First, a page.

By measuring the Y-direction component of the reflected magnetic field at the location where the probe is placed, it is possible to correct the influence of the reflected magnetic field.

BRIEF DESCRIPTION OF THE DRAWINGS

The above and other objects, features and advantages of the present invention will be apparent from the following description of preferred embodiments of the invention explained with reference to the accompanying drawings, in which:

FIGS. 1A and 1B are diagrams showing an arrangement of a conventional SAR measuring device, FIG. 1A being a perspective view thereof and FIG. 1B being a top view thereof;

FIGS. 2A and 2B are diagrams showing an arrangement of an SAR measuring device according to the present invention, FIG. 2A being a perspective view thereof and FIG. 2B being a top view thereof;

FIG. 3 is a diagram for use in explaining the incident waves and the reflected waves when the magnetic fields are incident on the phantom at an incident angle of θ, and the magnetic fields radiating from the antenna;

FIG. 4 is a diagram showing the relationship between the reflected magnetic field in the X-direction and the radiating magnetic field when the distance d between the antenna and the phantom is varied;

FIG. 5 is a diagram showing the real part of the impedance at the driving point when the distance d between the antenna and the phantom is varied;

FIG. 6 is a diagram showing antenna currents at the driving point when the distance d between the antenna and the phantom is varied; and

FIG. 7 is a diagram showing the SAR when the distance d between the antenna and the phantom is varied.

PREFERRED EMBODIMENT OF THE INVENTION

Now, a preferred embodiment of the invention is explained with reference to the drawings.

FIGS. 2A and 2B diagrammatically show an SAR measuring device of an embodiment according to the invention.

In carrying out the measuring operation, waves of 900 MHz from the antenna 4 irradiate the phantom 5. The output power of the antenna 4 is on the order of 1 W. The phantom 5 has the real part of a relative permittivity of 41.1, a conductivity of 0.88 S/m, and a mass density of 2.4 g/cm3. The orthogonal probe structure 1 is constituted by two loop probes 2 and 3 having a common center and having loop surfaces orthogonal to each other. The probe structure 1 is placed at a location away by a distance t from the antenna 4. At this location, by placing the first probe 2 perpendicular to the X-axis, it is possible to measure only the radiating magnetic field 8 and, by placing the second probe 3 perpendicular to the Y-axis, it is possible to measure only the reflected magnetic field. After the reflected magnetic field is corrected, the antenna currents are calculated.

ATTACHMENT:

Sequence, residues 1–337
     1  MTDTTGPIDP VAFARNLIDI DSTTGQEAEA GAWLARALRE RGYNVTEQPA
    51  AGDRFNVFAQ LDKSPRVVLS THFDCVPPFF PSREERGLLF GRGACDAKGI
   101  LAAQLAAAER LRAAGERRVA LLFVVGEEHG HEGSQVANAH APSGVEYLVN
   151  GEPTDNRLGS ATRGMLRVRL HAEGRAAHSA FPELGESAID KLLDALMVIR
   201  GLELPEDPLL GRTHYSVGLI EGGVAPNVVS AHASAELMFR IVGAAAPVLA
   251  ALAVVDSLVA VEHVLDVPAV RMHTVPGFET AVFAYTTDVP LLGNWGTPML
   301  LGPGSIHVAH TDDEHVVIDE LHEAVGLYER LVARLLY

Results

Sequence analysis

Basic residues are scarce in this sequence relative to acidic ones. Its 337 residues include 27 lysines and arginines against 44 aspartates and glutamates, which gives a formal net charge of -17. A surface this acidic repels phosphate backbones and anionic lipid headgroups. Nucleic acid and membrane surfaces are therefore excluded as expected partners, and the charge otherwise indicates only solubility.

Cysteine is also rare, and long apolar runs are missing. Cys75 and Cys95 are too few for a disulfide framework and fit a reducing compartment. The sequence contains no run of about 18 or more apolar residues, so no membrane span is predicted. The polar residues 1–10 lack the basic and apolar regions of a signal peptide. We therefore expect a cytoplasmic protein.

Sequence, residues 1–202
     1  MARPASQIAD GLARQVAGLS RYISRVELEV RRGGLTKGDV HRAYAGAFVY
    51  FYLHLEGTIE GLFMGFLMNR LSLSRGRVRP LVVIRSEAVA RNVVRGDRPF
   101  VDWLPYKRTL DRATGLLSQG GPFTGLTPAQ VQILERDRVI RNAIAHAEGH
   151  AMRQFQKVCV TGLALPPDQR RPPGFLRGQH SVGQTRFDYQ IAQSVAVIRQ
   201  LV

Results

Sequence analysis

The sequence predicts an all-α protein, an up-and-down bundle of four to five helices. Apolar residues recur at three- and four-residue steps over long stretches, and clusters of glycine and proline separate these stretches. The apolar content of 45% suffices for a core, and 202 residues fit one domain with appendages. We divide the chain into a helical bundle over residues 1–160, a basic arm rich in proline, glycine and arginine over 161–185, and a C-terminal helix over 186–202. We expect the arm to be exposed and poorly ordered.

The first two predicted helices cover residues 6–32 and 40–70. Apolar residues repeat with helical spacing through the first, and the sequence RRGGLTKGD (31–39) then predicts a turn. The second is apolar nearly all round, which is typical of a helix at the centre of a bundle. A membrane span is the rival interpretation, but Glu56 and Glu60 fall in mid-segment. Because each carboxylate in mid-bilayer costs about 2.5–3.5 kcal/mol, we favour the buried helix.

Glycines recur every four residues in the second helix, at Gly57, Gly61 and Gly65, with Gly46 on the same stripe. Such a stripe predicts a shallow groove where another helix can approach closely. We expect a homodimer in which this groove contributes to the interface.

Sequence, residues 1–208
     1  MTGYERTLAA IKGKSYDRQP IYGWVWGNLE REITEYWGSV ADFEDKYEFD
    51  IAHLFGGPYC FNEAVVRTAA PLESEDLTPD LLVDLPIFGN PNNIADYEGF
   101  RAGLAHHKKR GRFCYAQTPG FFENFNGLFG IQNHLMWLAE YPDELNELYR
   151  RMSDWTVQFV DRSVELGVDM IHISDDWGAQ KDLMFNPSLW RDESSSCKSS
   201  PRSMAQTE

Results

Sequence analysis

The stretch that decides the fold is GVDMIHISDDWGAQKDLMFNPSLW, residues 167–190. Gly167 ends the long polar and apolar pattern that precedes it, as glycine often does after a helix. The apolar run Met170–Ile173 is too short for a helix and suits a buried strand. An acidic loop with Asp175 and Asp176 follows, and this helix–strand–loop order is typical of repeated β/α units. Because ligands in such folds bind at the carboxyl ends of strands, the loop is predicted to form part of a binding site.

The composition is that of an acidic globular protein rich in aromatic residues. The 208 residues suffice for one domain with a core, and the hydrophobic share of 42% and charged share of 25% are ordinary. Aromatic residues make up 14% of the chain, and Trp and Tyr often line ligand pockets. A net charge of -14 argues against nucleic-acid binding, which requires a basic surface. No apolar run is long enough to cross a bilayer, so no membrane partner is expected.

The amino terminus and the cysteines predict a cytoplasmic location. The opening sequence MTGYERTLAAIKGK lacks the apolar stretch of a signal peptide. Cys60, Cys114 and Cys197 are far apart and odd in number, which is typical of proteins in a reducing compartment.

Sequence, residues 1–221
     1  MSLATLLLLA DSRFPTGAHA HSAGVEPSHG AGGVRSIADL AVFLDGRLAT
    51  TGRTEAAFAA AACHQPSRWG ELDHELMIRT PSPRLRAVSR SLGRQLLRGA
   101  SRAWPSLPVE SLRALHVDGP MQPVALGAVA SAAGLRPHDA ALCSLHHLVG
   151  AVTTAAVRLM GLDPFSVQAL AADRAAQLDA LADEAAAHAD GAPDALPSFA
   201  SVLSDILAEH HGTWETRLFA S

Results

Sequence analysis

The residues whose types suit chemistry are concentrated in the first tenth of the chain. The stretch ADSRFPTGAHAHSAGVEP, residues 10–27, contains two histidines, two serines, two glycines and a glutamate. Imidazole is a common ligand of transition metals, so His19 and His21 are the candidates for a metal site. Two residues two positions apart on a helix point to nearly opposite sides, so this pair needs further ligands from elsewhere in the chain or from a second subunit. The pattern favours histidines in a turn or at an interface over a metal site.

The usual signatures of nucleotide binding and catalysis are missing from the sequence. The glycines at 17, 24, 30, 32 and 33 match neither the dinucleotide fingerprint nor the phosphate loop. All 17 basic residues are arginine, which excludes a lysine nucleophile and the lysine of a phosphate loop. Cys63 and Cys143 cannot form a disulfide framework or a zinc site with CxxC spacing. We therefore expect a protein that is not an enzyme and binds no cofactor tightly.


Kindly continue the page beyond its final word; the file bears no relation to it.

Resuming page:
FIG. 5 shows the real part of the impedance R (Ω) at the driving point of the antenna when the distance d is varied. As the probe gets closer to the phantom, the value of R changes and becomes a minimum at d=2 cm and reaches a maximum at d=10 cm where the distance is about 1/4 and, with the repetition of oscillations, R becomes a minimum again at d=20 cm.

FIG. 6 shows the relationship between the antenna currents I at the driving point and the distance d when a probe having a diameter of 10 mm is used. Symbol Δ represents the measured value, the solid line represents the calculated value derived from the impedance at the driving point. The probe is placed 35 mm away from the driving point. The antenna currents become a minimum at d=10 cm and maximum at d=20 cm, with a trend wherein an increase and a decrease thereof are qualitatively opposite with respect to R. Since the measured values substantially coincide with the calculated values, it can be appreciated that the antenna currents are calculated after the reflected magnetic fields have been corrected.

FIG. 7 shows the relationship between the SAR (W/kg) of the phantom and the distance d. In the graph, the symbol Δ represents the reflected waves having been corrected, ◯ represents the reflected waves not having been corrected, and the solid line represents the calculated values of the antenna currents. Whereas, when the distance d becomes larger, the measured values (Δ and◯) become coincident with each other, when the distance d becomes smaller than 3 cm, the value without having been corrected becomes smaller and results in different characteristics. The measured values after the reflected waves have been corrected do coincide with the calculated values very well. From this, the effectiveness of a method in which the reflected waves are corrected can be appreciated.

According to the invention, the phantom is used for making the evaluation. Of course, it is possible to evaluate biological bodies such as human and animal bodies similarly in place of the phantom.

While the invention has been described in its preferred embodiments, it is to be understood that the words which have been used are words of description rather than limitation and that changes within the purview of the appended claims may be made without departing from the scope of the invention as defined by the claims.

Patent Citations
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Non-Patent Citations